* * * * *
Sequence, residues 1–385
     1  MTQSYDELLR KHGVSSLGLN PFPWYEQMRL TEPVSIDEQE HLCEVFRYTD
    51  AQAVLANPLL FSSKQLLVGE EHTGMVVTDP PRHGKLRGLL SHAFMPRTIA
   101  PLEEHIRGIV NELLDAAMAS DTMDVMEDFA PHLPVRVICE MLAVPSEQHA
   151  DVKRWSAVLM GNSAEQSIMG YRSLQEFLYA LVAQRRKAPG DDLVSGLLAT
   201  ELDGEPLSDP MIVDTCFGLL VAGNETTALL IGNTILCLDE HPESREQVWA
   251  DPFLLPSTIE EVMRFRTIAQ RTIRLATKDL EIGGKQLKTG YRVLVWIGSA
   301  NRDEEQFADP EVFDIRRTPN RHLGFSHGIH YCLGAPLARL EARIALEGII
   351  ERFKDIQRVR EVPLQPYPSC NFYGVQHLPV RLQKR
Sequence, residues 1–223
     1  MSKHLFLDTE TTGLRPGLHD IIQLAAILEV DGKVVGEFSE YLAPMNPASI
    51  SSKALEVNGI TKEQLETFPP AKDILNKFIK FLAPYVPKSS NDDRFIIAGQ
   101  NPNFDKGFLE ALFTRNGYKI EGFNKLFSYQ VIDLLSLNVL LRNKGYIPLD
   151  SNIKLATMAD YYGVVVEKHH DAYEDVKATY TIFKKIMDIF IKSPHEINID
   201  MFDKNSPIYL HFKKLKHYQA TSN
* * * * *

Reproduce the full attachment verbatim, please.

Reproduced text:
Sequence, residues 1–385
     1  MTQSYDELLR KHGVSSLGLN PFPWYEQMRL TEPVSIDEQE HLCEVFRYTD
    51  AQAVLANPLL FSSKQLLVGE EHTGMVVTDP PRHGKLRGLL SHAFMPRTIA
   101  PLEEHIRGIV NELLDAAMAS DTMDVMEDFA PHLPVRVICE MLAVPSEQHA
   151  DVKRWSAVLM GNSAEQSIMG YRSLQEFLYA LVAQRRKAPG DDLVSGLLAT
   201  ELDGEPLSDP MIVDTCFGLL VAGNETTALL IGNTILCLDE HPESREQVWA
   251  DPFLLPSTIE EVMRFRTIAQ RTIRLATKDL EIGGKQLKTG YRVLVWIGSA
   301  NRDEEQFADP EVFDIRRTPN RHLGFSHGIH YCLGAPLARL EARIALEGII
   351  ERFKDIQRVR EVPLQPYPSC NFYGVQHLPV RLQKR
Sequence, residues 1–223
     1  MSKHLFLDTE TTGLRPGLHD IIQLAAILEV DGKVVGEFSE YLAPMNPASI
    51  SSKALEVNGI TKEQLETFPP AKDILNKFIK FLAPYVPKSS NDDRFIIAGQ
   101  NPNFDKGFLE ALFTRNGYKI EGFNKLFSYQ VIDLLSLNVL LRNKGYIPLD
   151  SNIKLATMAD YYGVVVEKHH DAYEDVKATY TIFKKIMDIF IKSPHEINID
   201  MFDKNSPIYL HFKKLKHYQA TSN